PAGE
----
Sir Isaac Newton and Alchemy

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Sir Isaac Newton is most famous for the quantification of gravitational attraction, discovering that white light is actually a mixture of immutable spectral colours and the formulation of calculus.  However it is less well documented that Newton spent 30 years engaged in the study of the mysterious art of alchemy, or as it was more commonly known then, chymistry.

Only a tiny fraction of Newton’s work on alchemy has been published but he wrote around a million words on the subject including laboratory notes, indexes of alchemical substances and transcripts from other sources.

On his death in 1727, Newton had over 100 manuscripts filled with alchemical material, sold by auctioneers Sotheby as part of a larger collection in 1936.  This side of Newton was often an embarrassment to his admirers and his first biographer, John Conduitt, like many commentators who followed played down the role of alchemy (and other pursuits) in Newton’s work, stating;

“When he was tired with his severer studies his only relief and amusement was going to some other as History & Chronology or Divinity & Chymistry”.

Just how important the study of alchemy was to Newton only began to be recognised in 1947, when John Maynard Keynes, who bought much of the work from Sotheby, declared in his essay, ‘Newton, the Man’;

“Newton was not the first of the age of reason. He was the last of the magicians”.

The discipline of alchemy can be split into three separate parts.  Alchemists were responsible for a large group of technologies that included making pigments and dyes, manufacturing mineral acids and distillation of ‘strong waters’ for drink.  These and other skills were often used to provide an income for the alchemist.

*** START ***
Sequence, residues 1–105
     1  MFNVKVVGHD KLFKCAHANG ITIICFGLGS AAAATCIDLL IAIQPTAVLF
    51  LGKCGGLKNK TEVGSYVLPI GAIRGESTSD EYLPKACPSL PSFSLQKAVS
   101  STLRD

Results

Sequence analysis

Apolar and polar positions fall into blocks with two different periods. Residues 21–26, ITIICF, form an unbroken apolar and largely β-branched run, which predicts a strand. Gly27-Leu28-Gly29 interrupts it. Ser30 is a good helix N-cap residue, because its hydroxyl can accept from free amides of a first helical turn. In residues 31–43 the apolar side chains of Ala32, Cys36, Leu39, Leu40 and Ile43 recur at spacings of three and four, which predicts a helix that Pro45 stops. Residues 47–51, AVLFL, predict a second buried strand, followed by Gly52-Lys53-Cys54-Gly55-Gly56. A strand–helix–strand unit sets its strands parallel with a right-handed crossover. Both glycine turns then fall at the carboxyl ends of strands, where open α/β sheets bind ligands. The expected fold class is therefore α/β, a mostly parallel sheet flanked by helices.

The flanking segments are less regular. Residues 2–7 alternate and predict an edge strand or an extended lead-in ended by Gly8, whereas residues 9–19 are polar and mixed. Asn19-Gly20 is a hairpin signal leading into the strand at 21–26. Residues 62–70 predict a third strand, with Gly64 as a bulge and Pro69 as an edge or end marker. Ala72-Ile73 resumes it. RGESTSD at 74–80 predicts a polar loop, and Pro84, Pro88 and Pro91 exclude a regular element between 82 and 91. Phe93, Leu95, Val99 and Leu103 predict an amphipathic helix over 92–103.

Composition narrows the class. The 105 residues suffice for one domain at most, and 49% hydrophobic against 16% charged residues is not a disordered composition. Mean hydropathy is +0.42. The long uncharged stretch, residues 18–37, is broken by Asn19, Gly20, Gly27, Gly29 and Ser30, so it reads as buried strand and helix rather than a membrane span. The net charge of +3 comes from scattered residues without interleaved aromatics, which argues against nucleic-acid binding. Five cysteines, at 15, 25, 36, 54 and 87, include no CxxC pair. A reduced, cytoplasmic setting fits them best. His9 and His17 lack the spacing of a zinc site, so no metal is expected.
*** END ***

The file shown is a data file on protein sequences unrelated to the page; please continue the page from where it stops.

The second part of an alchemists work was to be at the forefront of early modern pharmacology with a new emphasis on mineral based drugs with a stress on the use of laboratory technologies such as distillation and sublimation for their production.

The third area of study and perhaps the most mysterious was the search for a formula for turning less precious materials such as base metals into gold, known by the Greek term ‘chrysopoeia’.  Newton was involved in all three sections of the discipline and devoted much time on practical experiments into the nature of matter and the possibility of changing it into different forms.

He also devoted much of his time studying the work of earlier alchemists such as  John de Monte Snyders’, who wrote, ‘The Metamorphosis of the Planets,’ a work of over 20,000 words which Newton copied out in longhand and added his own thoughts and findings.

As most of his alchemical work remains unpublished, many questions still need to be answered regarding this side of the great man.  For example it is unclear how much of the work was copied from others and how much was Newton’s own and to what extent his work in other disciplines was influenced by his alchemical pursuits.

These and other questions have begun to be addressed in recent years and a project started in 2004 called ‘The Chymistry of Isaac Newton’ by the University of Indiana is going a long way to address these issues by publishing on the internet the entire dossier of Newton’s alchemical work and attempting to replicate many of his experiments.


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